John Healey interview: ‘Home is where we need to feel safe... taking that away has huge consequences’

John Healey
John Healey
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It’s lining up to be a busy day for the Wentworth and Dearne MP John Healey when he sits down to speak to the Yorkshire Post. The Government has just unveiled a Budget to “reignite the dream of home ownership” and as Labour’s Shadow Housing Secretary he’s one of the first up to bat at the Despatch Box.

In his 20 years in Parliament, he has held four different frontbench housing positions, including a year as Minister of State under Gordon Brown’s premiership. When you get him on to the subject of homes it’s easy to see why. As he talks, you get a real sense that for him, this is more than just a portfolio; it’s a passion.

“[The home] is the heart of all our lives,” he states, when this is put to him. “With no home, its hard to feel safe, its hard to feel confident, its hard to bring up a family.

“A home is where we need to feel safe; it’s where we love, it’s where we laugh, it’s where our kids sleep, and it’s where most of us choose to die, if we can.

“If you take something that’s as basic as a safe, secure place to sleep out of people’s lives it just has huge consequences for people. That’s even before you get into some of the equally strong economic arguments.”

There is an earnestness to many of Healey’s answers that is refreshing in a politician. Several questions are met with a thoughtful pause, before receiving a detailed and considered response. This includes the question of how he came to be involved in politics. The 57-year-old does not point to one particular event or period of his life as the catalyst, but suggests his parents were a strong influence.

“My mum and dad have always had a really strong social and moral commitment. They were always socially involved,” he explains.

“Way back, when the language was very different and the provision was non-existent, my mum set up a support group for families with children with learning difficulties. [She] trained as a physiotherapist and was a teacher, and my dad worked in the prison service, and was also a teacher.

“It’s that sense of social and public service I think.”

The MP also points to his first job – working as a nursing assistant in a long-stay psychiatric hospital – as having played a significant role in his political journey. While he loved the “practical, personal, involved” nature of the work, he says staff too often found themselves “thwarted by a lack of [patient] rights and a lack of services”. “My job was to work with the staff to try and help and support and prepare patients to be able to live beyond the hospital,” he says. “But it was very frustrating because the services weren’t there and the right to any sort of assessment of what patient needed weren’t there.”

He worked at the hospital while studying for his degree, and at the end of his studies was faced with the “difficult” decision whether to pursue a career in an similarly hand-on profession, or whether to find a role that would allow him “to more broadly change the system”. In the end it was the latter ambition that won out and he began campaigning for the mental health charity Mind.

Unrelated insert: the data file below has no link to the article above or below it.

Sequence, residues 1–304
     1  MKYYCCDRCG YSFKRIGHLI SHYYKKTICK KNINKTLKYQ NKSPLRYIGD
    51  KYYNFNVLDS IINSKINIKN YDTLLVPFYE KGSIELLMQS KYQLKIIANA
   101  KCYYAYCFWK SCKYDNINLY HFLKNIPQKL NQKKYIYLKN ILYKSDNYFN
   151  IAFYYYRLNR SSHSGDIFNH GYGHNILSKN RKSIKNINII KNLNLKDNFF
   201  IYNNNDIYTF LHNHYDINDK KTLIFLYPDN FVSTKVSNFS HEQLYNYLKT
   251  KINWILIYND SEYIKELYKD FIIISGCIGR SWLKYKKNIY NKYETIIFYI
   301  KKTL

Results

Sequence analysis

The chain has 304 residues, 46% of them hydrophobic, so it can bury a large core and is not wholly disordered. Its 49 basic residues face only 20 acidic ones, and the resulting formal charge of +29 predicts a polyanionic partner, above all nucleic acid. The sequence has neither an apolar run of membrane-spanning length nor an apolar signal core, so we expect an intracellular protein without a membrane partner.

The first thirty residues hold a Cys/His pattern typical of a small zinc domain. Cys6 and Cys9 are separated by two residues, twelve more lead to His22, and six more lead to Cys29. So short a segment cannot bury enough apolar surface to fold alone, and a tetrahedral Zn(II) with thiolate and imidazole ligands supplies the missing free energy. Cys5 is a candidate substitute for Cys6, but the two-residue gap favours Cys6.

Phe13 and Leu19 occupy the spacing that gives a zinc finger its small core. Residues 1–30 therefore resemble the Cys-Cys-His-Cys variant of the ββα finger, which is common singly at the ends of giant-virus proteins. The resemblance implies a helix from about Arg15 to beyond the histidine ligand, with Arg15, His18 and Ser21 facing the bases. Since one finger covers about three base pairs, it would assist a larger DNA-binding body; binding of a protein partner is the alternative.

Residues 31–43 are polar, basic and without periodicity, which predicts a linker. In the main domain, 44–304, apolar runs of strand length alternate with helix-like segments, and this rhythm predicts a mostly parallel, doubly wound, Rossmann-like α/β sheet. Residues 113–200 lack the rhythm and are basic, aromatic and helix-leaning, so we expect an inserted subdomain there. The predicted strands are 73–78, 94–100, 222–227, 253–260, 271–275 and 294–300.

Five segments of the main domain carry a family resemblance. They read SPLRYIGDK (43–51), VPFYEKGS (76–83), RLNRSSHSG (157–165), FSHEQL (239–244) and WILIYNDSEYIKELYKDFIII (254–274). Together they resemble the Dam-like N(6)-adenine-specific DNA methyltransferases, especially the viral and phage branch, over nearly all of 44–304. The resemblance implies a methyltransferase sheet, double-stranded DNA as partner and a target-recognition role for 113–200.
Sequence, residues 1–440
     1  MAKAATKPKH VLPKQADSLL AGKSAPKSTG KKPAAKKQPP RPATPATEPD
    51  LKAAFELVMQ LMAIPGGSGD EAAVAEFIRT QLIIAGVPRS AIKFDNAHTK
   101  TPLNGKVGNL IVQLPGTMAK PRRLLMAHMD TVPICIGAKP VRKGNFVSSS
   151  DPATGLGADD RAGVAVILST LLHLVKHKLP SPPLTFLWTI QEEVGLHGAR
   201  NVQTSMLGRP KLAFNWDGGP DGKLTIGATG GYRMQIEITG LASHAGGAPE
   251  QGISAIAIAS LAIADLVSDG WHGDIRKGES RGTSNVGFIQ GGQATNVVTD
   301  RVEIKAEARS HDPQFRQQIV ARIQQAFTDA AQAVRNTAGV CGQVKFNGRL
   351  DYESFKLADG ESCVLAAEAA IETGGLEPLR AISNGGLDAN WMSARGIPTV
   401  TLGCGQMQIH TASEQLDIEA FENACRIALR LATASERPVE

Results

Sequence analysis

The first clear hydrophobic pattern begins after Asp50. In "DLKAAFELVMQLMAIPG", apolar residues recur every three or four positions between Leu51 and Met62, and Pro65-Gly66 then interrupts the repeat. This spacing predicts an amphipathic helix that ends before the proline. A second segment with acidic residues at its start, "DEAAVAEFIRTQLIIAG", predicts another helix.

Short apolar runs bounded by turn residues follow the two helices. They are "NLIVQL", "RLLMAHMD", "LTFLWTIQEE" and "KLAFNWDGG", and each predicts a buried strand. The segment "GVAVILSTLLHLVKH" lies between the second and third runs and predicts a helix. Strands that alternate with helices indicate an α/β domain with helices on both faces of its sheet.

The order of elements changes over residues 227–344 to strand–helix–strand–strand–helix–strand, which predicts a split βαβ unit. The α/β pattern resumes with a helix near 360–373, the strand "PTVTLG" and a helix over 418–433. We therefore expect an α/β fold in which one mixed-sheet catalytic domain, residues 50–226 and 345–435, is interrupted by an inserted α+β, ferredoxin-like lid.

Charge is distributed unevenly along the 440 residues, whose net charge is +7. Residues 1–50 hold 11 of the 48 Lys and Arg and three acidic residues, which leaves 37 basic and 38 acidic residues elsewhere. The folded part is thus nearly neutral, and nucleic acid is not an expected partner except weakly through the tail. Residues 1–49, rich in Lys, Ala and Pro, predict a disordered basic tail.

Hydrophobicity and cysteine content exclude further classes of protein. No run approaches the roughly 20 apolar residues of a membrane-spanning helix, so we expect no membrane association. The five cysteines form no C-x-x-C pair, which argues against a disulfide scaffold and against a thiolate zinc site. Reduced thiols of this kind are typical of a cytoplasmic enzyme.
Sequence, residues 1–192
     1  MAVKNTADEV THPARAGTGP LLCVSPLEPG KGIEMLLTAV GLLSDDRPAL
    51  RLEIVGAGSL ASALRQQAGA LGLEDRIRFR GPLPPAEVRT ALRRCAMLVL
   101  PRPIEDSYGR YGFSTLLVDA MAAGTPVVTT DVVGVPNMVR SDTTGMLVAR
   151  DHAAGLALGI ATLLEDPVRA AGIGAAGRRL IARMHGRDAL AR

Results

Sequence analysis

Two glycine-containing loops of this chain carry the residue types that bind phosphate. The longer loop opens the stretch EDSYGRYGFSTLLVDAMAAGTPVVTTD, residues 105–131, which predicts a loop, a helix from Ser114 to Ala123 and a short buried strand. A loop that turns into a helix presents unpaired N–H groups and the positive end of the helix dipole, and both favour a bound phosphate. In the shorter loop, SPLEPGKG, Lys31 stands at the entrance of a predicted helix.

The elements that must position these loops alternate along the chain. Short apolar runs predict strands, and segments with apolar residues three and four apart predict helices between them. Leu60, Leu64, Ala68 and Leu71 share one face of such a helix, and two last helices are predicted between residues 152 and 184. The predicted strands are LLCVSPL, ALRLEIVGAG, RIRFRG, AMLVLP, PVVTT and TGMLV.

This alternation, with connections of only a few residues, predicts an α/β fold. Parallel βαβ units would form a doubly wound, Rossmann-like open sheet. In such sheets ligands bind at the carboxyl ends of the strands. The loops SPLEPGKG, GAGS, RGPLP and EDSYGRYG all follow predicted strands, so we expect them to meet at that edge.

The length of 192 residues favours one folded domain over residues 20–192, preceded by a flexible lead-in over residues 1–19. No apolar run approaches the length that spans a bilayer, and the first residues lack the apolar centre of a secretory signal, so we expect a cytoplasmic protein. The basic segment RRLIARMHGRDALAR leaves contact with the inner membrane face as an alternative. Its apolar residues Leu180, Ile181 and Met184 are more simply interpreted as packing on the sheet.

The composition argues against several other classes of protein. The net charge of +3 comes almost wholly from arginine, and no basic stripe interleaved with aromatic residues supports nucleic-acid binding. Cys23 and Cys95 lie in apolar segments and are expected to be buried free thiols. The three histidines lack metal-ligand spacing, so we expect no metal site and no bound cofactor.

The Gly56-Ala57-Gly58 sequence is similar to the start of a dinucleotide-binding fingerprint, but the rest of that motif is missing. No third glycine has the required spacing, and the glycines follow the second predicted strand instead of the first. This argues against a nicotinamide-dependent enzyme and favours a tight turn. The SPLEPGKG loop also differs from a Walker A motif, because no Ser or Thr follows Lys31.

He spent the next few years lobbying to improve disability rights and it was during this time that he made his first run for Parliament. It was 1992 and the Labour Party was searching for a candidate to fight for the safe Conservative seat of Ryedale in North Yorkshire. Healey came third after the Liberal Democrats in that race, but is keen to stress that the two years of campaigning were not completely wasted. Not only did Labour see its first councillors elected to Ryedale council that year, but the experience also woke him up to a career that could combine his two great interests. As he puts it: “Suddenly, I stumbled across one role, the elected politician... [where] those two very separate tracks – the pastoral and the intellectual policy challenge – came together.”

Despite this revelation, he claims the decision to stand again as the candidate for Wentworth in the 1997 election was not an easy one. At the time, he was working for the TUC, having been asked to come on-board by the then general secretary John Monks (now a Labour peer). He explains that the organisation prides itself on adopting a position and agenda “which outlasts the political cycles”. “So it was regarded as a step down when I said I wanted to step away from being one of the senior directors and stand as a candidate to become MP,” he says with a laugh.

Within four years of being elected he was made a junior minister in the Department for Education and Skills. Over the course of the next decade he went on to hold positions at the Treasury and the Department for Communities and Local Government.

Since entering opposition he has been responsible for both health and housing portfolios, last year commissioning the head of Taylor Wimpey to conduct a major review of home ownership levels. More recently, he has led the Labour response to the Grenfell Tower disaster, and expresses concern that a tragedy that should have been a wake-up call for ministers will all-too-quickly be forgotten.

To illustrate this, he draws a comparison with the 2007 floods which devastated communities in Yorkshire and across the UK. “The public and media concern went away with the flood waters, but the problems and the shattered lives that were left behind last for months, and in some cases a couple of years,” he says. “I fear that could happen with Grenfell.

“I’ve made it almost our mission that we will not rest until every one of those survivors who needs help and a new home, has it, until anyone who is culpable is brought to account, and until we have in place all of the measures to make sure it never happens again.

“If a country as decent and well-off as ours can’t provide something as basic as a safe home, big things have to change.”